Unlike the CBC, whose fragmented network offices nestle in crannies all over Toronto, sibling Radio-Canada thrusts nakedly into the Montreal skyline—and into the sometimes promiscuous and paranoid heights of French-Canadian politics. Usually it is RadioCanada reporters who must defend themselves against accusations by federal politicians that they are closet separatists. But last week the state of siege had attained the executive offices high in the Radio-Canada tower as the network’s top bosses moved to thwart what they fear to be an attempted putsch against them by the Trudeau government in collusion with some of their own journalists.
Called on the grey carpet last Friday before Radio-Canada’s four highest news executives was Ottawa political reporter Paul Racine who had, earlier last week, publicly accused his superiors of incompetence and said he hoped heads would roll before Christmas. That was too blatant
for the news bosses to ignore—particularly for Information Director Marc Thibault, who told Maclean’s he had been warned by political sources in Ottawa that Radio-Canada putschists were conniving with politicians to bring about the executives’ downfall. That, warned Thibault, would mean the end of Radio-Canada’s journalistic independence.* Reporter Racine denies the existence of such a cabal, as does his colleague and equally vociferous complainer, François Perreault.
But Thibault is convinced that some of his reporters supplied internal news service documents to members of the Commons Communications Committee which, last month, reviewed Radio-Canada’s performance. The detailed, though unconfirmed, report of the attempted putsch holds that government plotters were led by Communications Minister Francis Fox and Prime Minister Trudeau’s principal secretary, Jim Coutts, both displeased by
Radio-Canada’s news neutrality on national unity. The alleged collusion by journalists was in exchange for a presumed promise of positions of power.
Compounding Radio-Canada’s tribulations is a month-long strike by its 180 reporters working inside Quebec. Significantly, the striking union has publicly sided with the bosses in the alleged putsch attempt. It repudiates any anti-management intrigue in Ottawa where colleagues, though working for the same news show, belong to a separate union and continue to collect salaries.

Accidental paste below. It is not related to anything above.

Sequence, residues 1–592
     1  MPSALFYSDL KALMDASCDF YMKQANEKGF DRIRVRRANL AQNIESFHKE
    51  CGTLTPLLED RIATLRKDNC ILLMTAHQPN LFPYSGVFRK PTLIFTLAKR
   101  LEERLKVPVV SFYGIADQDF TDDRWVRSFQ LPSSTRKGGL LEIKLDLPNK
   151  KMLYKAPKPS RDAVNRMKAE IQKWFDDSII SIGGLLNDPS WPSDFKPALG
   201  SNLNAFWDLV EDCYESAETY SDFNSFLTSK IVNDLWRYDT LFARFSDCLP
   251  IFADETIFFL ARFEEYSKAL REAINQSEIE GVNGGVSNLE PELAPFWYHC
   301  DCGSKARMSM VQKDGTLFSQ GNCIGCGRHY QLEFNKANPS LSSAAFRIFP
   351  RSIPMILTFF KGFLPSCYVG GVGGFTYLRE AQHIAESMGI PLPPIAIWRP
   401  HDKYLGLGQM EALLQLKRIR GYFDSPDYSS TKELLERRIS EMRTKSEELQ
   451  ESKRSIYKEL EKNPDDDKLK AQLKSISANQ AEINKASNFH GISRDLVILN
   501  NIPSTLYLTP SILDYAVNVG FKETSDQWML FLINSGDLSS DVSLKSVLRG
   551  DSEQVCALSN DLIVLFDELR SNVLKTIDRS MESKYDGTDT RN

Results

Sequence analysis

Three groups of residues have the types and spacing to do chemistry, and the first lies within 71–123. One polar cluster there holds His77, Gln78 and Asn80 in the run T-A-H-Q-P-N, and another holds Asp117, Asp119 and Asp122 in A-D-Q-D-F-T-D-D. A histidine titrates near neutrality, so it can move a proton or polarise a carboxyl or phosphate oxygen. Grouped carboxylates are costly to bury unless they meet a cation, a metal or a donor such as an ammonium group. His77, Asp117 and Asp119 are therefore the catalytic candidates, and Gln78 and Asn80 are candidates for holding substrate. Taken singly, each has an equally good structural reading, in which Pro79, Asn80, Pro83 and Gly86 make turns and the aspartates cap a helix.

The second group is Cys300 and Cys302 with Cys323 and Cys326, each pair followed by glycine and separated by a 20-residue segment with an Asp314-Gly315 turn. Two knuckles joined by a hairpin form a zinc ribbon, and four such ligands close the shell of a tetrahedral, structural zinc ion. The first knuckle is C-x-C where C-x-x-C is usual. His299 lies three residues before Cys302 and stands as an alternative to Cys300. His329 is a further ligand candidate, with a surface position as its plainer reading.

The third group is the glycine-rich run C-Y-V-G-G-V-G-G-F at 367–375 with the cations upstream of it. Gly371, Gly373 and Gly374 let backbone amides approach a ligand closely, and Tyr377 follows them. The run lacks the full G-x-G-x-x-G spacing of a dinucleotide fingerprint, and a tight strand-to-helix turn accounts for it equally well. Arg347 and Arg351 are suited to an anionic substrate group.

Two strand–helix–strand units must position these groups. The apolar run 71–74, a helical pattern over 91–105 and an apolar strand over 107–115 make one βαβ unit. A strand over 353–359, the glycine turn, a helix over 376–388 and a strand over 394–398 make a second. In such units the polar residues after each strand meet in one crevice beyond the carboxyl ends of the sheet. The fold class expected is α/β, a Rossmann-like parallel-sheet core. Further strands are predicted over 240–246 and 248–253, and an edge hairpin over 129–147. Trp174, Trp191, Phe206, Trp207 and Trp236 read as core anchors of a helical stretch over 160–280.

In a curious switch from the usual, it is Quebec politicians who are now complaining that they are being treated unfairly by Radio-Canada journalists. Because Ottawa reporters continue to work, the network succeeds in broadcasting specials on Trudeau’s effort to rewrite the constitution while Quebec’s government and oppo-
sition parties are denied television coverage of their attempts to block it.
The strike inevitably evokes memories of a 1959 walkout by producers which stirred nationalist feelings among many Quebec broadcasters, prime among them television journalist René Lévesque. But the similarity is illusory because the striking journalists exhibit little sympathy for the plight of Lévesque’s news-hungry government. Money is the critical issueexperienced reporters now make about $30,000 a year with overtime—but management will not negotiate a substantial pay raise lest it become a benchmark for another 6,000 CBC and Radio-Canada employees deep in contract talks.
And despite the wailing of provincial politicians, there is little evidence that viewers miss Radio-Canada newscasts. More than the public may be tuning out of Radio-Canada. Its assailed Information Director Thibault confided at week’s end that he intends to quit in six months’ time—but only after rooting out and crushing any underlings trying to hasten his fall from Radio-Canada’s tormented tower.
*Targets of the apprehended putsch also include Radio-Canada Vice-President Raymond David and lesser executives Pierre O’Neil and Marcel Desjardins.
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